Trade unions propose anti-crisis measures

Romania’s national trade union confederations are apprehensive about the possible effects that the current economic crisis may have on employment opportunities and the purchasing power of employees’ earnings. Before the consultations between the new government and the national trade union confederations, the National Trade Union Confederation ‘Cartel Alfa’ sent an open letter to the government on 11 December 2008 proposing a plan of emergency measures.

Background

Romania’s recently elected government – which took office after the parliamentary elections of 30 November 2008 – is now struggling to cope with the economic developments that are markedly different from the atmosphere of optimism and generous promises that prevailed during the 2008 election campaigns.

The economic crisis has been compounded by a budget deficit that grew suddenly from November to December 2008 – from 2% to over 5.2% of gross domestic product (GDP). This generated tensions between the social partners over the promises made during the elections, or over rights acknowledged by law.

Unions propose measures to overcome economic crisis

While the presidential administration and the political parties that won the elections were busy with the negotiations for the appointment of the new government, the trade unions signalled their concerns regarding the likelihood that some employers might reduce part of their workforce. The unions feared that employers would do this by temporarily suspending work, thus resulting in technical unemployment, offering early annual leave or announcing collective redundancy due to decreasing demand and difficulties encountered in receiving and making payments for their products and services.

Under these circumstances, as early as 11 December 2008, the National Trade Union Confederation ‘Cartel Alfa’ (Confederaţia Naţională Sindicală ‘Cartel Alfa’, Cartel Alfa) addressed a letter containing proposals for emergency measures to the political parties entitled to form the government, along with the other parliamentary parties, the president’s administration, as well as the national trade union confederations and national employer organisations. The letter contained proposals seeking to prevent a deterioration in employment conditions and to ensure Romania’s economic development throughout the current economic crisis.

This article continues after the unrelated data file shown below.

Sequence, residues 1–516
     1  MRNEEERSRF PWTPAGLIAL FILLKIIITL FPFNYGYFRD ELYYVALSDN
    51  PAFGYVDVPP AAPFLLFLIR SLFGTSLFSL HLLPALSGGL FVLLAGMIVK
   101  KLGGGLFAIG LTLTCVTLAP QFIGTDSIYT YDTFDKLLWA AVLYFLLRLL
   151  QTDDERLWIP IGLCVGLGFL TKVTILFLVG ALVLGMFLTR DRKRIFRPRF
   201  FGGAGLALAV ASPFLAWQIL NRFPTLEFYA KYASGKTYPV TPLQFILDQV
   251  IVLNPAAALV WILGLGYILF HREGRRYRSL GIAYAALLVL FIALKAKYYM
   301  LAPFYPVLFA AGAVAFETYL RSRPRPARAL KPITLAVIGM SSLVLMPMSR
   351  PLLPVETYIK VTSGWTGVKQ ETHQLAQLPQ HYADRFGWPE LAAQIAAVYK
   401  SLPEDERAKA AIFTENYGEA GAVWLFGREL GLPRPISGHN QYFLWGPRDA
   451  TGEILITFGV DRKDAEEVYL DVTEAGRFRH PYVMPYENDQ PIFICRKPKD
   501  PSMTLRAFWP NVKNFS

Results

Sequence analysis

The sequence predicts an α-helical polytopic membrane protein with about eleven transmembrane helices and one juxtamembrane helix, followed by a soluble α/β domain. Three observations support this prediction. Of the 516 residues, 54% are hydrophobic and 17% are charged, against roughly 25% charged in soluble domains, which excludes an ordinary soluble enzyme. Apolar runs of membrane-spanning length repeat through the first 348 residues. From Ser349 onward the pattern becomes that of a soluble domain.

The measures envisaged are planned for two lines of action: to maintain and create jobs (22 proposals) and to support corporate business (24 proposals).

Content of trade union proposals

Among the first group of proposals are the following:

  • enforcing a tripartite agreement on the minimum wage, applicable from July 2008 (RO0808019I);
  • placing a ban on the re- employment of retirees and the dual payment of both pensions and salaries in public institutions that are not affected by a shortage of labour;
  • providing personalised career development schemes for unemployed persons;
  • carrying out a tripartite analysis on how to generate employment opportunities in the domestic labour market for Romanians working abroad who are affected by the economic crisis in their present host countries and willing to return to Romania;
  • granting tax concessions for investment projects serving local public interests.

Furthermore, the letter contained 14 proposals relating to legislation, which recommended the following:

  • ratifying, as a matter of urgency, a number of the 18 conventions of the International Labour Organization (ILO);
  • increasing the term of eligibility for unemployment benefits and raising the amount of such benefits;
  • providing financial support for continuous professional training programmes;
  • increasing severance pay for persons made redundant;
  • amending the law governing the Economic and Social Council (Consiliul Economic şi Social, CES) to the effect of expanding its operations through subsidiaries in all Romanian counties, not just at central level.

The measures seeking to maintain existing companies vary according to the size of such companies. For example, the business carried out by large corporations is critical for the horizontal economy and for small and medium-sized enterprises (SMEs). Among the trade union proposals are the application of profit tax and value-added tax (VAT) by brackets of revenues, the reduction of interest rates, as well as the stimulation of research and development with regard to new products.

The letter ends with a motion for the signing of a social pact to be endorsed by parliament and included in the ruling platform.

Social partner plan

On 12 January 2009, after a month of talks during which new proposals were made by the other national trade union confederations, the Ministry of Public Finance (Ministerul Finanţelor Publice, MFP) hosted a meeting of employers, government officials, trade unions and bank representatives, all of which agreed to form three working groups charged with drafting a plan of action.

The resulting plan of action comprised the following provisions:

  • ‘measures to support economic growth’ by boosting business through incentives and attractive conditions for investment by corporations, assistance to SMEs, and steps encouraging the relaunch of agricultural and rural development – the measures would be designed by a group coordinated by the Ministry of Economy (Ministerul Economiei, ME);